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The true scientific reasons for crooked teeth, the myths surrounding what causes it, and what you can do nutritionally to prevent it.
Scientists have suggested several different theories over the decades as to what causes crooked teeth in humans. When my Dad started medical school in the late 1940s, he was taught that racial mixing (Italians marrying Irish for example) was the cause of crooked teeth. Malocclusions had just started to reach epidemic proportions in children at that time.
Of course, this theory of racial mixing causing crooked teeth which were incidentally presented as fact to the wide-eyed medical students of the time is completely ridiculous and has long since been disproven.
Other theories include thumb sucking and consuming soft foods which are suppositions subscribed to by many orthodontists. The soft food theory suggests that because humans don’t exercise their jaw muscles enough that our jaws have become weak and narrowed over time.
One orthodontist once told me (while I struggled to keep a straight face) that wisdom teeth were being genetically “selected out” of the gene pool because they are no longer needed because of the different foods that humans now eat compared with ancestral societies.
Now comes a variation of the “soft food causes crooked teeth” theory which was recently described in a study published in the online edition of the Proceedings of the National Academy of Sciences.
This new theory states that the movement of humans from hunter-gatherers to farmers around 10,000 years ago put us on the inevitable road to the orthodontist’s chair.
To test this hypothesis, Noreen von Cramon-Taubadel, an anthropologist at the University of Kent in the UK, examined the skull and jaw shapes of ancient skeletons housed in museums that originated from Africa, Australia, Europe, and North/South America. Six of the populations lived by farming and five were hunter-gatherers.
A significant correlation existed between how a population obtained its food and the shape of the jaw. Hunter-gatherers had narrower and more jutting lower jaws whereas those of the agriculturalists were shorter and wider.
The shape of the upper jaw and palate also varied somewhat between the farmers and hunter-gatherers.
Von Cramon-Taubadel concludes by suggesting that the transition to farming and an increase in food processing both of which led to the consumption of softer foods resulted in a shorter and weaker human jaw. Jaw shortening leads to greater crowding of the teeth.
To lend support to her theory, von Cramon-Taubadel refers to preliminary studies of animals that show that those that are raised on softer more processed foods develop smaller jaws than those raised on fresh, unprocessed diets.
Katerina Harvati, an anthropologist at the University of Tubingen in Germany says that this recent paper by von Cramon-Taubadel is a “well thought out piece of research and an important contribution” to understanding how the way humans live affects their body shape.
She goes on to say, “These findings confirm long-held ideas that the dietary shift to softer foods was an important influence affecting facial and dental morphology.”
The Soft Food Theory Ignores Contradictory Evidence
Strong contradictory evidence to the soft food theory as a reason for crooked teeth is presented in Dr. Weston A. Price’s book Nutrition and Physical Degeneration. How this convincing evidence was completely ignored as part of this supposedly “well thought out piece of research” is rather surprising and I would think, downright embarrassing for the author.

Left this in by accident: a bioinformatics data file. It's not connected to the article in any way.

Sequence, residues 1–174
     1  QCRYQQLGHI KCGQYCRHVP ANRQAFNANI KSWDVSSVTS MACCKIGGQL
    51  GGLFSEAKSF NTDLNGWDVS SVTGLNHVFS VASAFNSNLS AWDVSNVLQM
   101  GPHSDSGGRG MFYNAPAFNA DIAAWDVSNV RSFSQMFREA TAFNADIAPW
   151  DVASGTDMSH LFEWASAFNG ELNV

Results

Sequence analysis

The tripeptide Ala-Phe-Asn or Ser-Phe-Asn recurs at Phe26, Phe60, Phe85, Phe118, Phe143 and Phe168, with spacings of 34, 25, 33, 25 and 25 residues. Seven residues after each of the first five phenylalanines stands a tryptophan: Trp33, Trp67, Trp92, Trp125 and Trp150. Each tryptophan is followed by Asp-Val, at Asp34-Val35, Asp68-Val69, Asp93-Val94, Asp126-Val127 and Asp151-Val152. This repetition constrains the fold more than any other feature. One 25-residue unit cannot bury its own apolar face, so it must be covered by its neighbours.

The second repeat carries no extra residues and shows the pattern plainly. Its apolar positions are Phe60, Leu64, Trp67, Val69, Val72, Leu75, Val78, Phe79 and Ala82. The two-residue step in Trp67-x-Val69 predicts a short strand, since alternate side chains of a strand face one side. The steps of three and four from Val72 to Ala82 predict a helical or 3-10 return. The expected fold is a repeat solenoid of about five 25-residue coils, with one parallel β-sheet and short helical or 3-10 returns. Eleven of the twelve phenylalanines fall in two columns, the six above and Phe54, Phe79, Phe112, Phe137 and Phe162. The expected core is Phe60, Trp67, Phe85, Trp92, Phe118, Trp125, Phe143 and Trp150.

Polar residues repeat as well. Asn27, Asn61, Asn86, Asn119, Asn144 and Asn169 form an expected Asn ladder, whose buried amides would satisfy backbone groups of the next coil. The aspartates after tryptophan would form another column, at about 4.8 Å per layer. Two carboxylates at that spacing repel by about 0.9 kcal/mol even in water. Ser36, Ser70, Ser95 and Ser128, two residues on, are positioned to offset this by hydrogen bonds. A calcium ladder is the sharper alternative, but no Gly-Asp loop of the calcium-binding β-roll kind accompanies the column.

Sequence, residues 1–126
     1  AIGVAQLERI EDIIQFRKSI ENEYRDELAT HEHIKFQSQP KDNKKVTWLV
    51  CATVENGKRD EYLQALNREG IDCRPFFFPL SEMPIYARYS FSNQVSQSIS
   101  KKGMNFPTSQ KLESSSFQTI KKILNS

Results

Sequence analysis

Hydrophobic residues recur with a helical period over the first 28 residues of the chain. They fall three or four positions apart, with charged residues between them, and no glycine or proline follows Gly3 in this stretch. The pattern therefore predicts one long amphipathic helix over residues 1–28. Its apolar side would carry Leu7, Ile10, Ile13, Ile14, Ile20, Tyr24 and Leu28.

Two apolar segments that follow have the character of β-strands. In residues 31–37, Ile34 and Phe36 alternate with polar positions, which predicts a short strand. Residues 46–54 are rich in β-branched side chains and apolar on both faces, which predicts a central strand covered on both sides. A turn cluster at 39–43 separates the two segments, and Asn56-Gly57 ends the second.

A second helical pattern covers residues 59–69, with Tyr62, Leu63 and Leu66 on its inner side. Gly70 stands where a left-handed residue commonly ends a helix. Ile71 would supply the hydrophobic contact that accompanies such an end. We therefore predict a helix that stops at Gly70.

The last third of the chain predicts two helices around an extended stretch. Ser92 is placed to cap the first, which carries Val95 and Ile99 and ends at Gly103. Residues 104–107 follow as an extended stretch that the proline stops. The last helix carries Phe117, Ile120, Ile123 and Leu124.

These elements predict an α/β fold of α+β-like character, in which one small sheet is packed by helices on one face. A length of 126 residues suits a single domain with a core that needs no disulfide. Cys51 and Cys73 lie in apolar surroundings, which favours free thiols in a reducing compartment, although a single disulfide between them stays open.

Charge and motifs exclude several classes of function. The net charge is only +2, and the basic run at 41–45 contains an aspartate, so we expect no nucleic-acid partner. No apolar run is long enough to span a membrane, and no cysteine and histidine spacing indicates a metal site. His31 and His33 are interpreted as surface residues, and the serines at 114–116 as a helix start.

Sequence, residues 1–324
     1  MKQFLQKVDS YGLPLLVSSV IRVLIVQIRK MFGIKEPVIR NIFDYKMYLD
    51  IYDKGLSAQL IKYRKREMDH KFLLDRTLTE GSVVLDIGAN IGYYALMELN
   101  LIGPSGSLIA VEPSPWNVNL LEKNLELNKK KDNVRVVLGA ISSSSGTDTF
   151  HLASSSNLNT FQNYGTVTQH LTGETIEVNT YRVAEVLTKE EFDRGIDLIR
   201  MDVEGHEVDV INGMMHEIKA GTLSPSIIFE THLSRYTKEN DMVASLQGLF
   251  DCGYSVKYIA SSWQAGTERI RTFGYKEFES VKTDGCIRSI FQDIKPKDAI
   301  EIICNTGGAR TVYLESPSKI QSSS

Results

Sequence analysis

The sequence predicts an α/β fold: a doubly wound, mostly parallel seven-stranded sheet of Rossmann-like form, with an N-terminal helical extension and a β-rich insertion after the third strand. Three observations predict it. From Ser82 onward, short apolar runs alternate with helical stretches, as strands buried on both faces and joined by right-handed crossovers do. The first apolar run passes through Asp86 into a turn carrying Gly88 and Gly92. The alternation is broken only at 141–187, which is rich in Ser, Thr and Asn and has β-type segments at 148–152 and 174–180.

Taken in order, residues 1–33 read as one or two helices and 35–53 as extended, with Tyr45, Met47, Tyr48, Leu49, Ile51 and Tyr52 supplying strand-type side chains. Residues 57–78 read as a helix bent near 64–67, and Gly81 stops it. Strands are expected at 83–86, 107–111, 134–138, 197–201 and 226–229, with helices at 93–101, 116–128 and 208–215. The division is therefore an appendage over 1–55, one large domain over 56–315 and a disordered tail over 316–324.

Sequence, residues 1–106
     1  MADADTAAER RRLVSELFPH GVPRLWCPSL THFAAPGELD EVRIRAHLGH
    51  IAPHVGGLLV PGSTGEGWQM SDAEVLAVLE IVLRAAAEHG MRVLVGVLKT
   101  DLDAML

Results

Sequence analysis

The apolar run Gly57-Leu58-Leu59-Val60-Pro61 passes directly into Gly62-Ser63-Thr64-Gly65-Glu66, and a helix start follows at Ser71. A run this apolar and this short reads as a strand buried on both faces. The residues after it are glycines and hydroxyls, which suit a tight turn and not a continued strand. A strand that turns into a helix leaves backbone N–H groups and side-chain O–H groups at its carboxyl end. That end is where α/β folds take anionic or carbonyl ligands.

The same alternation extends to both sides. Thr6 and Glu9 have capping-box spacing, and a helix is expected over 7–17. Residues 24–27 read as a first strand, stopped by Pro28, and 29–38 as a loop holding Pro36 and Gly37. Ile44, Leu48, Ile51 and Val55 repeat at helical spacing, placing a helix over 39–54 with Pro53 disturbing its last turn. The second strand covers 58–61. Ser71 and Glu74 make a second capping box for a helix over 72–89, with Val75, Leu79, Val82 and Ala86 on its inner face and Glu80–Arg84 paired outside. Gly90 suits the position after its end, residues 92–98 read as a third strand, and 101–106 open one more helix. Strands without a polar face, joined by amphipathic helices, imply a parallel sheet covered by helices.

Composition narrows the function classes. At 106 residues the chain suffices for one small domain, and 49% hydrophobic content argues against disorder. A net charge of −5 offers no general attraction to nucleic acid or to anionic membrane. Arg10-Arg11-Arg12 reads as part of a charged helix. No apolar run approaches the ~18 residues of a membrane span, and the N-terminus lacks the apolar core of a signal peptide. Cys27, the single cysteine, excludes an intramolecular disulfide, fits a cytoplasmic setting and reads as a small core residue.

While hunter-gatherers certainly had strong jaws which allowed them to consume hard foods, the strength did not come from greater exercising of the jaw muscles! As suggested by Sally Fallon Morell, President of the Weston A. Price Foundation, such a theory makes the critical mistake of confusing muscle with bone.
A narrowed jaw and palate, for example, can be identified in babies at birth long before they have chewed anything!
Dr. Price also correctly pointed out that when the jaw and palate are narrowed, other parts of the skeleton are correspondingly narrowed as well such as the pelvic opening which causes greater difficulty in childbirth and the chest cavity which crowds the vital organs.
The Swiss farmers studied by Dr. Price subsisted on very soft foods and yet had beautifully broad palates with perfectly straight teeth. Moreover, the South Sea Islanders photographed by Dr. Price with perfectly straight teeth consumed primarily seafood and poi, both soft foods with poi, in particular, a very soft and sticky staple carbohydrate in their diet.
The Truth About Crooked Teeth
Von Cramon-Taubadel did get one aspect of her paper correct. The rise of food processing did indeed contribute to the modern epidemic of crooked teeth, but not because such foods are softer than unprocessed foods.
Rather, processed and industrialized foods are devoid of the critical nutrients necessary to produce a broad and sturdy jaw with correspondingly straight teeth.
Dr. Price’s research compellingly argues that a lack of jaw development and crooked teeth is entirely nutritional in origin such as attempting to build a wide bridge with substandard materials.
Without essential nutrients in the form of minerals and the fat-soluble activators A, D, and K2 which were abundant in primitive diets, the jaw and palate cannot form with enough strength to support a broad facial structure. Hence, the narrowing of the face and crooked teeth are the results. This is the case no matter what the hardness of the food.
Anthropologists of all people should realize that chewing rocks will not produce a broad jaw and straight (albeit broken) teeth!
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